The updated data are from the first 2 patients treated in the phase 1/2 GALILEO-1 trial of FLT201.
Freeline Therapeutics has reported data including significant increases in plasma GCase activity in patients with Gaucher disease treated with FLT-201 adeno-associated virus (AAV) gene therapy in the phase 1/2 GALILEO-1 trial (NCT05324943).1
"These initial clinical data are very compelling,” investigator Pilar Giraldo, MD, PhD, hematologist, Spanish Foundation for the Study and Therapy of Gaucher Disease, Quirónsalud Hospital – Zaragoza, said in a statement.1 “While existing therapies have had a significant impact on the disease, many patients continue to experience symptoms and current therapies come with a heavy lifelong treatment burden. People with Gaucher disease deserve better treatment options. FLT201 represents a promising new approach as a one-time investigational gene therapy, and based on the emerging clinical data, I am excited about its potential.”
The data are from the first 2 patients treated in the trial with a dose of 4.5x1011 vg/kg FLT-201 who have both successfully come off their prior therapies. As of September 27, both patients showed a favorable safety and tolerability profile, with no infusion reactions for serious adverse events (AEs). The patients have been followed up for 13- and 6-weeks post-treatment. AEs that occurred were grade 1 and resolved without intervention. There have been no elevations in liver transaminase levels.
“FLT201 is a highly differentiated gene therapy candidate for Gaucher disease with the opportunity to provide better outcomes for patients, while dramatically reducing the burden that comes with existing therapies,” Pamela Foulds, MD, chief medical officer, Freeline, added.1 “The magnitude of the increases in plasma GCase activity in the first two patients treated with FLT201, together with the normalization of GCase activity in cells, further strengthen our belief in its therapeutic potential. Given the strong response and clean safety and tolerability to date, we have decided to treat a third patient at this dose rather than a higher dose as initially planned.”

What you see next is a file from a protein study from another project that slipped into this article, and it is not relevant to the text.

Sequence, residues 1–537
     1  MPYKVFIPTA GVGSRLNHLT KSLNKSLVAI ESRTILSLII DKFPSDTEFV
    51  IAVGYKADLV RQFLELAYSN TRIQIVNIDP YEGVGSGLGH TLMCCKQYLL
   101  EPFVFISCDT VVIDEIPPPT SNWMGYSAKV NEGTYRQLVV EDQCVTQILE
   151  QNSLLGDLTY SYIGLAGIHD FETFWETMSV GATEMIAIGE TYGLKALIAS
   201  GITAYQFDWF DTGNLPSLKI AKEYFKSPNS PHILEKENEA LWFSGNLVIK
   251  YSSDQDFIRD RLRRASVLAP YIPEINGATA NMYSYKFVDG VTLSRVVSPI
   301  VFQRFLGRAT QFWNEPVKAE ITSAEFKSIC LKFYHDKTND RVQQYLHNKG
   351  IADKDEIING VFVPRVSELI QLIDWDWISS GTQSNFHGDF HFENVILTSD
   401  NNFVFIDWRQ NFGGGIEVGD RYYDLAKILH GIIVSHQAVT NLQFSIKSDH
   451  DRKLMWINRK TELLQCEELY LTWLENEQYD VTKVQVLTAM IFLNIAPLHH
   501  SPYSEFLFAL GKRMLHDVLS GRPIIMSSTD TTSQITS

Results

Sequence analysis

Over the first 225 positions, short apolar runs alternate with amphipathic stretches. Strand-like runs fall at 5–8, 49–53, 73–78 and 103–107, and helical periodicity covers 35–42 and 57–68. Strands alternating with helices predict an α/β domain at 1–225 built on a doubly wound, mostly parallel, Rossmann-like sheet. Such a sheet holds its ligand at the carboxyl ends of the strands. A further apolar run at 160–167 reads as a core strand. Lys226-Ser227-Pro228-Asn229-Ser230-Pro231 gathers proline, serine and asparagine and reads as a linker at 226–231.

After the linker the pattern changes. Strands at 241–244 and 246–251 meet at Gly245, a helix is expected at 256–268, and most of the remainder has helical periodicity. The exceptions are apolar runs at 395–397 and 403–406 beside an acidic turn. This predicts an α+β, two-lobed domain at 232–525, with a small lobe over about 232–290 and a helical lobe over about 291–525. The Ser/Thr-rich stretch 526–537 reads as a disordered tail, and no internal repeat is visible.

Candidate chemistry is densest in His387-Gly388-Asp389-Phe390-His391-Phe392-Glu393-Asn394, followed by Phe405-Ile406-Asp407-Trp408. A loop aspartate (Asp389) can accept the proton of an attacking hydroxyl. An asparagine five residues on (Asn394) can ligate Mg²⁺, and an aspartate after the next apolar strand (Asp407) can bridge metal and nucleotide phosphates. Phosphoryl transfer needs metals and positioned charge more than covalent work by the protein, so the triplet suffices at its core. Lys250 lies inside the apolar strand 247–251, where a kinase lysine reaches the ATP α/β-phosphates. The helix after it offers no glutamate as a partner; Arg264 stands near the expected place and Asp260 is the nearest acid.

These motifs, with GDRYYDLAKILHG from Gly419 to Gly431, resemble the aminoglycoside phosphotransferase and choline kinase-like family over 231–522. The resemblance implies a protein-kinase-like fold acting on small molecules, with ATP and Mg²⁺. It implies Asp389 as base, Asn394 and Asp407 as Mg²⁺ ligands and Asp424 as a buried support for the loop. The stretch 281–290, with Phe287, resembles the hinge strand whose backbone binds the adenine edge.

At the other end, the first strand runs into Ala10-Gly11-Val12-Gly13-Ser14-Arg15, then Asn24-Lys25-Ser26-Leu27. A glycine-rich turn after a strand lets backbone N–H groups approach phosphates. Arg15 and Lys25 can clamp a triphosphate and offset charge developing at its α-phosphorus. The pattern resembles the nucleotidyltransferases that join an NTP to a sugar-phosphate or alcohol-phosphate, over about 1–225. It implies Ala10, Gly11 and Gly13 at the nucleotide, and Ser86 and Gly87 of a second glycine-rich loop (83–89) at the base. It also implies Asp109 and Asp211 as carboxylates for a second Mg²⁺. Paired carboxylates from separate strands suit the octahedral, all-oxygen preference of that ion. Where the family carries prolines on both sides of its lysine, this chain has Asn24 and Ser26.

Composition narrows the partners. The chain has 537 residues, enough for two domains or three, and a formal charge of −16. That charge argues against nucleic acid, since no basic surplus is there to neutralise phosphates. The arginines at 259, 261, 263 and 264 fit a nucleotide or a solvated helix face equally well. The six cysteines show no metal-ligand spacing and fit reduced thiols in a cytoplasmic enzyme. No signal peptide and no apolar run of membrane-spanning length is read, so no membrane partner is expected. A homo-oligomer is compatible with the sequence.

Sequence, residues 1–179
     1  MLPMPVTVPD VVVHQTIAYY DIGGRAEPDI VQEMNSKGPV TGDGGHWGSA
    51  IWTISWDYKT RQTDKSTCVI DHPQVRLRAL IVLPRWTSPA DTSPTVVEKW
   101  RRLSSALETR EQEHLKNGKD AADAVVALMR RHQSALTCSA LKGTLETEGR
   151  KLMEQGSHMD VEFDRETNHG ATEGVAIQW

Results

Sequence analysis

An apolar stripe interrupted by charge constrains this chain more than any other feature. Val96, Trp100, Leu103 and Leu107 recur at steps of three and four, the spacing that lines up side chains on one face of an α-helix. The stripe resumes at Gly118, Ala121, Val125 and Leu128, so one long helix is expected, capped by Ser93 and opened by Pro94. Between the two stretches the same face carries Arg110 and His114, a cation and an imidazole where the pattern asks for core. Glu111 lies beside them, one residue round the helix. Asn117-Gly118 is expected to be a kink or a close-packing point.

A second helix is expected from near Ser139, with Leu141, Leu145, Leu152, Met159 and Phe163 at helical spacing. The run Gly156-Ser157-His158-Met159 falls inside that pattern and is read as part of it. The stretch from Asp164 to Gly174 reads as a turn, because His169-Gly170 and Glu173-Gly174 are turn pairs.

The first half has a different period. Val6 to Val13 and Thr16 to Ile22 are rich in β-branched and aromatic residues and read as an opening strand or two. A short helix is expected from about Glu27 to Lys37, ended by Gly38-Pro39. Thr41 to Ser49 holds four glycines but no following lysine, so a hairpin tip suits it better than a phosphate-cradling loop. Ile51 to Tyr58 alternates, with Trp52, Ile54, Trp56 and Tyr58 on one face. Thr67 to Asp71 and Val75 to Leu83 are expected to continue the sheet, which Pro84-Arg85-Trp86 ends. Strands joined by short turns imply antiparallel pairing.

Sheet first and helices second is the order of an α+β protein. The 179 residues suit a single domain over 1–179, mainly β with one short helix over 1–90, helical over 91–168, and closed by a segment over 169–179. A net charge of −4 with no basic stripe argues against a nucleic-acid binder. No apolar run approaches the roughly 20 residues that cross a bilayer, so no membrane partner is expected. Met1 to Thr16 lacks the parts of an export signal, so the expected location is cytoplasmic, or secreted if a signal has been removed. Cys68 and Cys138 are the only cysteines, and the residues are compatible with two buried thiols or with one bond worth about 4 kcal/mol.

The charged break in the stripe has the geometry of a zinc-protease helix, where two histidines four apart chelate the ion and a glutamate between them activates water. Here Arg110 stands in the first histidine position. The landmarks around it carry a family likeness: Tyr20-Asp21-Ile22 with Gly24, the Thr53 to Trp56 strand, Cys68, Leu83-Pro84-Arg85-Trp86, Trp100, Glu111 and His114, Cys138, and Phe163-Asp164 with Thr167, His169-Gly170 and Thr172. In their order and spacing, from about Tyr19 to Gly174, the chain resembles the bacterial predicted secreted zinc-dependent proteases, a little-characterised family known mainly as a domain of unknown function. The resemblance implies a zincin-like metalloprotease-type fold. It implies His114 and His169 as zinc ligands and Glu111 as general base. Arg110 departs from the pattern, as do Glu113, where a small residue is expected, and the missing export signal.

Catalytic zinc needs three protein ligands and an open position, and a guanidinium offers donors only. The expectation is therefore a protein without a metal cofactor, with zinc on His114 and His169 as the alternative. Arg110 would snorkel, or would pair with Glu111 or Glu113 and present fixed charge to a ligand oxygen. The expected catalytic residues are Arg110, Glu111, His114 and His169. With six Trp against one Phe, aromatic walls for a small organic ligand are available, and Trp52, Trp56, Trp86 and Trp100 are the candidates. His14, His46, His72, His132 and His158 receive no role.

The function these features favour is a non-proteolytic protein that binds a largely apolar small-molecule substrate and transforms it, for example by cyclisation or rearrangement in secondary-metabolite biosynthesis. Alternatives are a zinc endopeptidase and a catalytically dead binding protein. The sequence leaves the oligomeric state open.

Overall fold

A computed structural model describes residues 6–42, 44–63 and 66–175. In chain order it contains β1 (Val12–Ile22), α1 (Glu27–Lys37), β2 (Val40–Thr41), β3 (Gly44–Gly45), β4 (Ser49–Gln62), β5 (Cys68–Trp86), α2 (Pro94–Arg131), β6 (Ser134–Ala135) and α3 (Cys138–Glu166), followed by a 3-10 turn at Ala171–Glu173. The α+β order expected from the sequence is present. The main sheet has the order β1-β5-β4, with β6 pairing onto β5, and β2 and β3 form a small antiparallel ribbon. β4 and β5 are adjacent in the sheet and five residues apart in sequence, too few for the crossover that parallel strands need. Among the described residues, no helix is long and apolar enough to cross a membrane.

READ MORE: Freeline Goes All in on Gaucher Disease
Both patients also showed robust increases in plasma GCase levels, with patient 1 having a nearly 700-fold increase from baseline to over 70 μmol/L/h as of 12 weeks post-dosing and patient 2 having over a 300-fold increase from baseline to around 30 μmol/L/h as of 4 weeks post dosing, as compared with the normal GCase range of 0.3 to 1.2 μmol/L/h (mean: 0.58 μmol/L/h).1 Both patients had and continue to have normal hemoglobin levels, prior to the study and after discontinuing enzyme replacement. A third patient has now been scheduled for dosing in the first cohort and 3 additional patients are being scheduled for dosing.
“Our goal at Freeline is to unlock the true potential of gene therapy by optimizing every component of our product candidates,” Michael Parini, chief executive officer, Freeline, added.2 “FLT201 exemplifies that approach. It leverages our proprietary capsid designed to deliver high expression at low doses and our novel GCase variant engineered to overcome the short half-life of wildtype GCase. Our preclinical data for FLT201 show robust increases in plasma GCase, which is then taken up by disease-affected tissues, clearing harmful substrate more effectively than the existing standard-of-care. These clinical data show the preclinical data are starting to translate, and we are committed to expeditiously advancing FLT201.”
FLT201 is Freeline’s only clinical gene therapy candidate in the pipeline after it dropped its hemophilia and Fabry disease programs in late 2022 and early 2023, respectively.3 Only 2 patients were treated in the phase 1/2 MARVEL-1 clinical trial (NCT04040049) of the FLT190 program for Fabry, while the phase 1/2 B-AMAZE trial (NCT03369444) of the FLT180a program for hemophilia A showed that only half of the 10 treated patients had Factor IX in the normal range as of last follow-up.